Dinosaurs are always popular in our playroom and we were keen to incorporate them into our sensory play by creating some dinosaur sensory bins for our toddlers to explore. From mud worlds to hatching eggs, there are lots of fun ideas and learning opportunities for dinosaur sensory bins.
Dinosaur Sensory Bins tip: we use the Ikea Flisat table for all our space sensory bin play. Don’t worry if you don’t have sensory table, you can use craft trays or storage bins to the same effect. If you have an Ikea Flisat table then check out our Ikea Flisat table hacks and, our favorite, the Ikea Lego table hack.
Dinosaur Sensory Bins
Sensory play is fantastic tool to encourage kids to explore, engage and create. Our dinosaur themed sensory bins are focused on developing a range of skills including:
- Fine motor skills: it is not easy to dig out a dinosaur! Our dinosaur dig sensory bin took at least 20 minutes of chiselling to get to the dinosaur. Scooping and funnelling rice and using pipettes in our other sensory bins mean little hands will work hard on all these sensory activities.
- Dinosaur learning: we talked to our toddlers about the different dinosaurs which once roamed the earth and introduced the concept of a baby dinosaur hatching out of an egg.
- Language and vocabulary skills: my three year old knows more dinosaur names than me after these play sessions!
- Creative skills: the open ended play opportunities of the dinosaur worlds are endless.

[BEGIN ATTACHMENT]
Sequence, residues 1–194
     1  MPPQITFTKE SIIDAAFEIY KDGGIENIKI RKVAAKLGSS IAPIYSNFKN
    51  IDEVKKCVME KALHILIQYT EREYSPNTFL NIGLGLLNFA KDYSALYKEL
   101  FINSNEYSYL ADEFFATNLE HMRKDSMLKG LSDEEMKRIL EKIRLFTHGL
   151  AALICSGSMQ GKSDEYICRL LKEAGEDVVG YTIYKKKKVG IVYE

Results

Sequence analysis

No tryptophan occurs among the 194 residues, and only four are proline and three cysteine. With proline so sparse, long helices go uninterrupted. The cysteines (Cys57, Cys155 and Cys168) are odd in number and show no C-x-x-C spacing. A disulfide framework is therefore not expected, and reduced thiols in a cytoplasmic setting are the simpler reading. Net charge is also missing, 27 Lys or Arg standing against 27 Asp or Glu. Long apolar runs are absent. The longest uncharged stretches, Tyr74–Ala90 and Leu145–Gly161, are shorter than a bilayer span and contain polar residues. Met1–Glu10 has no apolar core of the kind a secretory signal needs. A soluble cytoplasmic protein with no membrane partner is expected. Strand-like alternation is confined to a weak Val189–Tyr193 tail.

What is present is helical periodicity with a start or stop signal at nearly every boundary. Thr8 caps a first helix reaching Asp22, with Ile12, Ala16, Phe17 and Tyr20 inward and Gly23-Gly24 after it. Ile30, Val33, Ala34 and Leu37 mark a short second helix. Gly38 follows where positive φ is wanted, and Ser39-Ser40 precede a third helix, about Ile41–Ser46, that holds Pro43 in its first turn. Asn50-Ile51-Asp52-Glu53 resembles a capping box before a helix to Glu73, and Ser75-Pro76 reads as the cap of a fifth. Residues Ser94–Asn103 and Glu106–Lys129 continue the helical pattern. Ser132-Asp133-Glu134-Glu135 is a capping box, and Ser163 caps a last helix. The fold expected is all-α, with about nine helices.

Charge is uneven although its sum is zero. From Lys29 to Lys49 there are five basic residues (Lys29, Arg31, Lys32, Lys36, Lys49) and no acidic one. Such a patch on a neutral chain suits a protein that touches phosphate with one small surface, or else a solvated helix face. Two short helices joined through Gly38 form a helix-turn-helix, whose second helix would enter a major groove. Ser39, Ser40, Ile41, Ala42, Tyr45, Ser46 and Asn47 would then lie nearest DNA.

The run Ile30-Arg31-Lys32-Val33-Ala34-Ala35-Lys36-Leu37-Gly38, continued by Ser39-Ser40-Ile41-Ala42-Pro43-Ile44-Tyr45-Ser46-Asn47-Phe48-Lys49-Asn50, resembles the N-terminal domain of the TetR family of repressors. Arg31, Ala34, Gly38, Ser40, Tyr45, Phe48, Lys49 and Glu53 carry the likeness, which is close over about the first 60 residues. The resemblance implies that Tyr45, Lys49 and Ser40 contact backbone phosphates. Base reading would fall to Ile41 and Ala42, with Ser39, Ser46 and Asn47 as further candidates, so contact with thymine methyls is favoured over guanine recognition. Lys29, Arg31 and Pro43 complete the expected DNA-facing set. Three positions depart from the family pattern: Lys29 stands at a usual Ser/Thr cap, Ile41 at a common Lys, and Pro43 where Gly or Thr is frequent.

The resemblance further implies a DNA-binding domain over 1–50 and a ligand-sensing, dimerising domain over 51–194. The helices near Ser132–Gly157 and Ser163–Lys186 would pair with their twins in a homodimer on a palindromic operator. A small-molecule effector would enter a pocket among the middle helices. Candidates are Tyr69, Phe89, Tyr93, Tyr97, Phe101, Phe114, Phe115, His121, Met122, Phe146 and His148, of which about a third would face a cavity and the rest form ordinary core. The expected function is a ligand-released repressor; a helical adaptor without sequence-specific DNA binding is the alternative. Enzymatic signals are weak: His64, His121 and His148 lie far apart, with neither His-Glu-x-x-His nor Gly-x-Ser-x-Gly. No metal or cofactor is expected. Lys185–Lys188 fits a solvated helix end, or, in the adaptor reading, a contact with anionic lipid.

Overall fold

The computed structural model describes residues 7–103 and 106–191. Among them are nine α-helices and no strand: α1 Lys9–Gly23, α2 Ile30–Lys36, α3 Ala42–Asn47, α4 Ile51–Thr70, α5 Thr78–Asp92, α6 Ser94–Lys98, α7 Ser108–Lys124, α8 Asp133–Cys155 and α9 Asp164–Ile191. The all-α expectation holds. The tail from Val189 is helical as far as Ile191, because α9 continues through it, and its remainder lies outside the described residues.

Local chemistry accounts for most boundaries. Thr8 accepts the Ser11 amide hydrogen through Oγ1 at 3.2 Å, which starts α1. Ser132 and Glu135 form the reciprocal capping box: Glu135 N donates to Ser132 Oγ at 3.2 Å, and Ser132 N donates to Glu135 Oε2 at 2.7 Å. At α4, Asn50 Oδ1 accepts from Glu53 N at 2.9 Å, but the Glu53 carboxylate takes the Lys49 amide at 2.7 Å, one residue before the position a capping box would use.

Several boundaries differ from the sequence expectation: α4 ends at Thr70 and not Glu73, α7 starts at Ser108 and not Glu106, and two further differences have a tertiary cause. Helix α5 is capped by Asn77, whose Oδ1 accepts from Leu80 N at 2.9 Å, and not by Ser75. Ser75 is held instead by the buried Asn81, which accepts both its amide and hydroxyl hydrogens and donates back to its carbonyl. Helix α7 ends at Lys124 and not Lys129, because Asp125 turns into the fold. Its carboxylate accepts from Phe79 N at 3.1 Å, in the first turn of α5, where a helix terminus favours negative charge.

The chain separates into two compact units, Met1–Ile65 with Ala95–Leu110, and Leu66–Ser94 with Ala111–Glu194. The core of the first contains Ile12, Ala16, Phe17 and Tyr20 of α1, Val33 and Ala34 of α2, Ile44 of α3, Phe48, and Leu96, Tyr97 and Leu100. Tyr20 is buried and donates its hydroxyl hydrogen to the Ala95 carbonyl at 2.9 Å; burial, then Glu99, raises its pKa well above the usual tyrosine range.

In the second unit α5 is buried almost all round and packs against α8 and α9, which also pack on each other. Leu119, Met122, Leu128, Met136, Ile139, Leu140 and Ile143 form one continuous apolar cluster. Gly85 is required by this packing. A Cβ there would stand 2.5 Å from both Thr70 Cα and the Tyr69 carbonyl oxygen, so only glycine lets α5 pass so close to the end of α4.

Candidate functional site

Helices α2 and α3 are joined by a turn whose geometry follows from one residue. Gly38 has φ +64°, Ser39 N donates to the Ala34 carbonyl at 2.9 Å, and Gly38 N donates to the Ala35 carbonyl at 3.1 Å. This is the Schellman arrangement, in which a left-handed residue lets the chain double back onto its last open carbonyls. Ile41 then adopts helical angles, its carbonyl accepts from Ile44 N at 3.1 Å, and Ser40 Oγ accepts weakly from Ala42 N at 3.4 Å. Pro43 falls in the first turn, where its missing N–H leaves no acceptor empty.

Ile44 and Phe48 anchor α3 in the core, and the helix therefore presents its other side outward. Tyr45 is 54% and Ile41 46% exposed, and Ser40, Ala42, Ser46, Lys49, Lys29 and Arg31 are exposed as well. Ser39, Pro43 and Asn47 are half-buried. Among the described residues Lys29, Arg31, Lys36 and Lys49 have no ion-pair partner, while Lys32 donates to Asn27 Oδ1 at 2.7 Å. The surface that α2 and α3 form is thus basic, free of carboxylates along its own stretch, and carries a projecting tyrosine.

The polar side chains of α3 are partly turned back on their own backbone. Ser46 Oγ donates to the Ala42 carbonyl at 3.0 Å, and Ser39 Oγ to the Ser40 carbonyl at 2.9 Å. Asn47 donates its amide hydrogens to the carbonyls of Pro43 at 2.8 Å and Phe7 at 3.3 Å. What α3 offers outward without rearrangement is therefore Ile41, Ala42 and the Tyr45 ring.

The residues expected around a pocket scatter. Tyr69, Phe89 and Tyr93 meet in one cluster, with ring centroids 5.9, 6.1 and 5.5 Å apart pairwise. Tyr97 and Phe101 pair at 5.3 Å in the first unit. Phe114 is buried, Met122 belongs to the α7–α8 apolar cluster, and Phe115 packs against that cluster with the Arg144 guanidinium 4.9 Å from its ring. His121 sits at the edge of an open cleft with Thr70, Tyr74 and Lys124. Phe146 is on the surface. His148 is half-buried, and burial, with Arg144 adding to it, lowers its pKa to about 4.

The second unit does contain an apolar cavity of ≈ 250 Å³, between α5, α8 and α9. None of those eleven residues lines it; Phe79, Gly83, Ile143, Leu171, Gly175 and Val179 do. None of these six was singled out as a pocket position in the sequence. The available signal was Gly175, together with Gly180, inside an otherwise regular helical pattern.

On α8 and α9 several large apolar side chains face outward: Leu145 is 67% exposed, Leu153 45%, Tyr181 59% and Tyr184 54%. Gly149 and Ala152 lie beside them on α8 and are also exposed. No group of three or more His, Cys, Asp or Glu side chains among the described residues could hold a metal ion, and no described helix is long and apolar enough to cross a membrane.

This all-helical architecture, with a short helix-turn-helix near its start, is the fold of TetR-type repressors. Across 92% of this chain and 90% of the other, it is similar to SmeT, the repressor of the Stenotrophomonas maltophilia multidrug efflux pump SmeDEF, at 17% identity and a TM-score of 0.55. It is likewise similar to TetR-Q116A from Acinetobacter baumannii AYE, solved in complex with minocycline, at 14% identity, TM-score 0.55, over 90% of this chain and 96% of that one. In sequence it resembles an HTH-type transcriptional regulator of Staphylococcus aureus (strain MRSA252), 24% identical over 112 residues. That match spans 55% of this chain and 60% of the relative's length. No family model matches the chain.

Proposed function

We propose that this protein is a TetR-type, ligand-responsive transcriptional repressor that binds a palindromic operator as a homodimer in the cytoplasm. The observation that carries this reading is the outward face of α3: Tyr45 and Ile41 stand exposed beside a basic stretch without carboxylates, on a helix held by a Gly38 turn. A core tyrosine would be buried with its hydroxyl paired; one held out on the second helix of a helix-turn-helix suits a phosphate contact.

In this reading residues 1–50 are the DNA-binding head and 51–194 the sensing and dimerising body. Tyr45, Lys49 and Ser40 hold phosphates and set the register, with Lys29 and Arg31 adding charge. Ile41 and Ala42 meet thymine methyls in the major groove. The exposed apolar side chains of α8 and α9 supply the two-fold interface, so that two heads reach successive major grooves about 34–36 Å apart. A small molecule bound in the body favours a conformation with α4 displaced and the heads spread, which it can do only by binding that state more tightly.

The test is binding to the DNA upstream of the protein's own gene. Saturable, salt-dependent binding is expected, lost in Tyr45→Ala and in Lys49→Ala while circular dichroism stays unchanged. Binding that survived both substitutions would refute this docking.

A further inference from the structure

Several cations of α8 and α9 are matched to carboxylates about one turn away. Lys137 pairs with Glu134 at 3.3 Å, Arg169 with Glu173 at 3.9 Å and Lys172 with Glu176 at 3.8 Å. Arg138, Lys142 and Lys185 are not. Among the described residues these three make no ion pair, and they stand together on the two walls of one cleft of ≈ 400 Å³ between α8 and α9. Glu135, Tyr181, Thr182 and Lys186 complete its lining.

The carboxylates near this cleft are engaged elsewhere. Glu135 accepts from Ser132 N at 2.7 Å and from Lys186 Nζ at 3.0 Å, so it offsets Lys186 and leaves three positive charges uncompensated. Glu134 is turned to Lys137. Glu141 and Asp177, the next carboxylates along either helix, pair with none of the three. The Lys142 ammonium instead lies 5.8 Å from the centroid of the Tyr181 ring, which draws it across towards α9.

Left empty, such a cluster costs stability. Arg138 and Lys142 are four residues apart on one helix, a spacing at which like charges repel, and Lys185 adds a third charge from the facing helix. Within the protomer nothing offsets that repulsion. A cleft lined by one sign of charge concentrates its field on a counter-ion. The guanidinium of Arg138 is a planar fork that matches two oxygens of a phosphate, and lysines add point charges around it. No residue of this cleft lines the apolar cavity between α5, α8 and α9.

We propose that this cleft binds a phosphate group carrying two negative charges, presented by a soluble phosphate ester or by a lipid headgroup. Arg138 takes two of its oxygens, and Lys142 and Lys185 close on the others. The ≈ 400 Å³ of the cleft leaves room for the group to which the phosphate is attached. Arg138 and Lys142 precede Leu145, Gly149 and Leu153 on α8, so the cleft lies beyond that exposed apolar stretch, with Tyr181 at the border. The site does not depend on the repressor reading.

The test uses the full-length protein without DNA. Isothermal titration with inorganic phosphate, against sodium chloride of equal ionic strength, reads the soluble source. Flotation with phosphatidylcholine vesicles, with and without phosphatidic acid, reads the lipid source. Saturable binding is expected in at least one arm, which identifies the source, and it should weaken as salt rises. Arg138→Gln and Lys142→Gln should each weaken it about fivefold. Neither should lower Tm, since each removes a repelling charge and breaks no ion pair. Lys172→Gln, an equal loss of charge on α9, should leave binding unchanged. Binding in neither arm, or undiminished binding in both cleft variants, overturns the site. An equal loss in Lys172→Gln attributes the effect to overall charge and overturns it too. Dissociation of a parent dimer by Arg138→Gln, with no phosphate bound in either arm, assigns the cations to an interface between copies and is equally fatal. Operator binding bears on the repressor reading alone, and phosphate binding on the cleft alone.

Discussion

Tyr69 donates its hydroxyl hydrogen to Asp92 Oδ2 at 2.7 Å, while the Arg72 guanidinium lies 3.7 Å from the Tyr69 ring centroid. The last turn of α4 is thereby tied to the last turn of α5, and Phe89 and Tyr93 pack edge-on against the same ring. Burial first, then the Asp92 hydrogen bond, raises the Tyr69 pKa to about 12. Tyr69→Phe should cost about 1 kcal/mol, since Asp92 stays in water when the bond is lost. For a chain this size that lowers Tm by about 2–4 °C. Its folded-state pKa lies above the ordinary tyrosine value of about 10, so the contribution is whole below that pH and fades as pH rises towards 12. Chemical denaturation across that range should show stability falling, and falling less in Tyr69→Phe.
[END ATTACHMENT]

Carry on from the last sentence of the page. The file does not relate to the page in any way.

- Independent play: our older toddler has engaged in some great independent play sessions with some of the taste safe dinosaur sensory bins. His play sessions have lasted up to 45 minutes and have been fantastic to observe.
5 Easy Dinosaur Sensory Bins
We’ve included our 5 favorite dinosaur sensory bins which are relatively easy to set up and were mostly created with toys and ingredients already in the cupboard and playroom! Our dinosaur sensory play is still a work in progress so we will make sure to share any new dinosaur sensory bins which our toddlers enjoy!
Dinosaur sensory bin tips: I created and used these dinosaur sensory bins with my three year old in mind. Our one year joined us for some play sessions. I always supervise them extremely closely when working with sensory bins to ensure they do not put anything in their mouths – things like mini dinosaurs and stones can be choking hazards. Please make sure that your sensory bins, fillers and accessories are age appropriate and be aware of choking hazards.
Dinosaur Sensory Bin Essentials